The bitcoin halving is estimated to happen 7 days from now, on 12th May around 11:30am. Contrary to some unpopular beliefs, halving does not refer to the price. Halving means that the number of bitcoins ‘rewarded’ to miners is cut in half. At present time, miners are rewarded 12.5 BTC ($112,500) for each successful block and will become 6.25 BTC ($56,250). The halving process happens every four years, well, every 210,000 blocks.
The exact time of the halving can only ever be estimated, since the actual time depends on a combination of the Hashrate, the difficulty and some mathematical probability that goes far beyond my own understanding. As the halving approaches, a number of behavioural changes occur on the network. Through monitoring Bitcoin’s “on-chain” data in real time we can put together a picture of how the network changes in the run up, during and after halving.
Let’s start with the difficulty rate. Difficulty is a parameter that adjusts to keep the average time between blocks constant as the network’s Hashrate changes. Miner revenues, or at least a large part of them, come from the new bitcoin earned for adding new transactions to the blockchain – known as the block reward. The rate at which rewards can be earned is driven by the relationship between computing power (Hashrate) and the network difficulty. If miners increase their Hashrate, by investing in more equipment and/or electricity, they are able to increase the amount of bitcoin they earn in the short run.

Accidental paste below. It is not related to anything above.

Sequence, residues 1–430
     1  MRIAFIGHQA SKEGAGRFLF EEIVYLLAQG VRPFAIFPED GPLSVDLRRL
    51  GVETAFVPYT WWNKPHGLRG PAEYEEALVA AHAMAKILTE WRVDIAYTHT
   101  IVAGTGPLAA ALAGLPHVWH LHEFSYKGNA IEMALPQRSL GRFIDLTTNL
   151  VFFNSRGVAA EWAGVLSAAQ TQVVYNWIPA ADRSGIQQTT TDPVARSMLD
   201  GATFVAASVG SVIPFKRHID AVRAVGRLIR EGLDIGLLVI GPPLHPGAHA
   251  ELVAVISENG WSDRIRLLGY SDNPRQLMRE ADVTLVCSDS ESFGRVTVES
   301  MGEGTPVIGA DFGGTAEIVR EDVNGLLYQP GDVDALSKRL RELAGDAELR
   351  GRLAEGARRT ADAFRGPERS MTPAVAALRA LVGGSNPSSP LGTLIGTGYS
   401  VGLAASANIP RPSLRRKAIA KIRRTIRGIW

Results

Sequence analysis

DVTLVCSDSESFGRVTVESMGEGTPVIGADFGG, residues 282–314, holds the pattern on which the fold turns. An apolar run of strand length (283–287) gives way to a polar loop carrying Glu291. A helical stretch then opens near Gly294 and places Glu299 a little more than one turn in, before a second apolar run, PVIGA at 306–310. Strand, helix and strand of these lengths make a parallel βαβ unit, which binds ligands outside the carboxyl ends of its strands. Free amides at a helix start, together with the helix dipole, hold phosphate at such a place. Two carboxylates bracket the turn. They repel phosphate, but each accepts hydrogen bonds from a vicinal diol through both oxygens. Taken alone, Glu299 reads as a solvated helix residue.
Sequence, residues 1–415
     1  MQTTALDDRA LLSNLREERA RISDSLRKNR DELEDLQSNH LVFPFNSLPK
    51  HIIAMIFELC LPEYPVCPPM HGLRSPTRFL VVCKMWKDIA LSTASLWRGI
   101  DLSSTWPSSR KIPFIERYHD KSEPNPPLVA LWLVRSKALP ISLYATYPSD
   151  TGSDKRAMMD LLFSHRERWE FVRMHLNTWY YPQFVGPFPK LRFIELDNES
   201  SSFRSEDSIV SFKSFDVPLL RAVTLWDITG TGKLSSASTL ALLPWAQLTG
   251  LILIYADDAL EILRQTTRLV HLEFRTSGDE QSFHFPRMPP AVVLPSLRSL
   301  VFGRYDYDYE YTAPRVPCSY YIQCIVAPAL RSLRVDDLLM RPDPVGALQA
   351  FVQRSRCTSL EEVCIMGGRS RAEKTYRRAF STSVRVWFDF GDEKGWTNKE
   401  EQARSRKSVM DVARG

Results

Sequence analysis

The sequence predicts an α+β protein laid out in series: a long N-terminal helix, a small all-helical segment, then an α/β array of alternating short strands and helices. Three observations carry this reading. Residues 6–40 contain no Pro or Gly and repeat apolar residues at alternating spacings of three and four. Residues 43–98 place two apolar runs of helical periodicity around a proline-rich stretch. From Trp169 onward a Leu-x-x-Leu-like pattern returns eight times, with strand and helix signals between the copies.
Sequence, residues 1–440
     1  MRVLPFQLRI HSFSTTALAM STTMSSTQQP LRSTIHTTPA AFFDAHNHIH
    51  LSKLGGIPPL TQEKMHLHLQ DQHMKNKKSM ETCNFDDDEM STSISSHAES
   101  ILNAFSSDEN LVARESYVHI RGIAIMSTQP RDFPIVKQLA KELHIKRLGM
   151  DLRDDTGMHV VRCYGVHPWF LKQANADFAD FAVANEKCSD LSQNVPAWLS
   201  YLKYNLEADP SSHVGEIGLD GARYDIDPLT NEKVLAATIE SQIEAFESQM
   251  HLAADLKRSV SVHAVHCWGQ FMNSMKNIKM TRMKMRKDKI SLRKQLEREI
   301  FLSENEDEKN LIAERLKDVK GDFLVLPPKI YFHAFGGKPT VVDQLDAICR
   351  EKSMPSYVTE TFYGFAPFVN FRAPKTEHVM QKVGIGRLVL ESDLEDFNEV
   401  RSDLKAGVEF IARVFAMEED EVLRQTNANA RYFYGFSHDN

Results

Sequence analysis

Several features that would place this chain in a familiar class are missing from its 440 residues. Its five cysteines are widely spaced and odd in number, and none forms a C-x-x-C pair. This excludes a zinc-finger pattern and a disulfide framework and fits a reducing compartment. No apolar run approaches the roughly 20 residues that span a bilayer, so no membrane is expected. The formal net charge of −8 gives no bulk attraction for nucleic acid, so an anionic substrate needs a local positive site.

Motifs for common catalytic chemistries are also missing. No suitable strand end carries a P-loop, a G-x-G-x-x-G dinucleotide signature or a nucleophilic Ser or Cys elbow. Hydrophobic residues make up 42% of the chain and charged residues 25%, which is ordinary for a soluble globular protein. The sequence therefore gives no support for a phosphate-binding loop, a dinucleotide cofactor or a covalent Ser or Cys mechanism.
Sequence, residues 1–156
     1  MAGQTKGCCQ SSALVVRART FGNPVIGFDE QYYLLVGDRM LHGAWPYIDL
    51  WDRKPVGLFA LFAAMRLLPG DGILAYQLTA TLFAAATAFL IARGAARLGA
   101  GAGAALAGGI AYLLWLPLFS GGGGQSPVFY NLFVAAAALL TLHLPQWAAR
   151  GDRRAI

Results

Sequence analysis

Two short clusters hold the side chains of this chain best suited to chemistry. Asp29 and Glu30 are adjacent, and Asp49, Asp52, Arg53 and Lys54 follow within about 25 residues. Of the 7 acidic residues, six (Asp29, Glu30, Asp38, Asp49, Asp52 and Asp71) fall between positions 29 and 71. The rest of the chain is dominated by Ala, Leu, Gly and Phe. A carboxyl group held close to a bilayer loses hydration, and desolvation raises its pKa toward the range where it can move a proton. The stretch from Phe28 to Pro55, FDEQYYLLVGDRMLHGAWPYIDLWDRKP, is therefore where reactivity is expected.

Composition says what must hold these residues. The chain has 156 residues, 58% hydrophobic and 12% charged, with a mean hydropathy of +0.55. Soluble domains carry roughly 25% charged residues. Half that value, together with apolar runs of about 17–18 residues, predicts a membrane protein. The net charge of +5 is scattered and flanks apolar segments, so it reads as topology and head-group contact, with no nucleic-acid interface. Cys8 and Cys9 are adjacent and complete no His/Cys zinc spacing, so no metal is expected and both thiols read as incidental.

The difficulty level is continually reset by the network every 2,016 blocks in order to limit the rate at which revenue can be earned. It is the dynamic control that keeps new bitcoin being released to the miners as earnings every 10 minutes. If bitcoins are being earned in less than 10 minutes, the problem miners solve becomes more difficult. If it takes more than 10 minutes, the problem miners solve becomes easier.
The difficulty is an important concept to be aware of during halving events. During normal operation on the network, it is the difficulty alone that impacts miner revenues through regulating the distribution. Recall that the 12.5 BTC earned every ten minutes will drop to 6.25 BTC after the halving. The revenues will drop in half while the cost base remains the same. In effect, the marginal cost of mining a bitcoin will double.
How does this affect the network? A significant number of mining operations become immediately unprofitable and turn off their equipment, saving on the variable cost component of mining. When mining equipment is suddenly cut from the network, the rate that new transactions are added to the blockchain falls drastically. The already unimpressive 8 TPS that the network processes can go to an almost unusable 1 TPS. This essentially drives the network to a stand-still in the short term.
The critical number then is how many blocks there are between the halving event and the next difficulty adjustment – which is the period of time that miners must survive with double the marginal cost of production. For this, bitcoin’s third halving event, there are 1,008 blocks from halving until difficulty adjustment which should take 7 days if the block times remain at 10 minutes per block. In 2012 it took up to 17 minutes per block until difficulty adjusted and was 6 days before the network returned to its 8 TPS rhythm. In 2016, block times rose up to 22 minutes per block and didn’t return to the baseline for 30 days.